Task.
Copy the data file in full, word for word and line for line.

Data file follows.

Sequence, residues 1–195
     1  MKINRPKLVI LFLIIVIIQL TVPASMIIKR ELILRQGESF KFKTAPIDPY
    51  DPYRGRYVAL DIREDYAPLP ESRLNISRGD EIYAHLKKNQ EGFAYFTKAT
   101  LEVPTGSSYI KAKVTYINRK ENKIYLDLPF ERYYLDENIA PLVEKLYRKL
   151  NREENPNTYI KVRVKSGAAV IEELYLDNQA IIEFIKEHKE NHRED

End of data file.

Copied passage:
Sequence, residues 1–195
     1  MKINRPKLVI LFLIIVIIQL TVPASMIIKR ELILRQGESF KFKTAPIDPY
    51  DPYRGRYVAL DIREDYAPLP ESRLNISRGD EIYAHLKKNQ EGFAYFTKAT
   101  LEVPTGSSYI KAKVTYINRK ENKIYLDLPF ERYYLDENIA PLVEKLYRKL
   151  NREENPNTYI KVRVKSGAAV IEELYLDNQA IIEFIKEHKE NHRED